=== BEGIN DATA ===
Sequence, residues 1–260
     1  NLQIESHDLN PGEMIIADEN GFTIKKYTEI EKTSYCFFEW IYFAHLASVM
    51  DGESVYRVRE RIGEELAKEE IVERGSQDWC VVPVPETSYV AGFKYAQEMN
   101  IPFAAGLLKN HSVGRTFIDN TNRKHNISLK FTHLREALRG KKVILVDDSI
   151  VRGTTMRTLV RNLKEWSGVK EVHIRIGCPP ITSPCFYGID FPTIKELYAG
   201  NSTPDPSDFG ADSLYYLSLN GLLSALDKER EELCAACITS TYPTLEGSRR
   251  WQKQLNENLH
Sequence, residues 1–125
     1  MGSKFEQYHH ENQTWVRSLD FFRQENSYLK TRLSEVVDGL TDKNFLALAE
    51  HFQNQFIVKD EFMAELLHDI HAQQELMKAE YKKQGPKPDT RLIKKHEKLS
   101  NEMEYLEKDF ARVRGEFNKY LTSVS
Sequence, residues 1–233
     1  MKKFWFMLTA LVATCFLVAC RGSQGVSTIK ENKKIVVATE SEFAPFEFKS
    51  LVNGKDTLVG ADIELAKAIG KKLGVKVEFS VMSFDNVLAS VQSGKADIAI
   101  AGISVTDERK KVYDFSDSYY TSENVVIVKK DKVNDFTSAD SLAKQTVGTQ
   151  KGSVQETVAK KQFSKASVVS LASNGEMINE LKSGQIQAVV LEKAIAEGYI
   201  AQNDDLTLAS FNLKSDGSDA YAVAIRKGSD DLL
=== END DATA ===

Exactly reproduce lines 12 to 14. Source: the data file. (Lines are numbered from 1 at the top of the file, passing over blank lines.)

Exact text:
Sequence, residues 1–233
     1  MKKFWFMLTA LVATCFLVAC RGSQGVSTIK ENKKIVVATE SEFAPFEFKS
    51  LVNGKDTLVG ADIELAKAIG KKLGVKVEFS VMSFDNVLAS VQSGKADIAI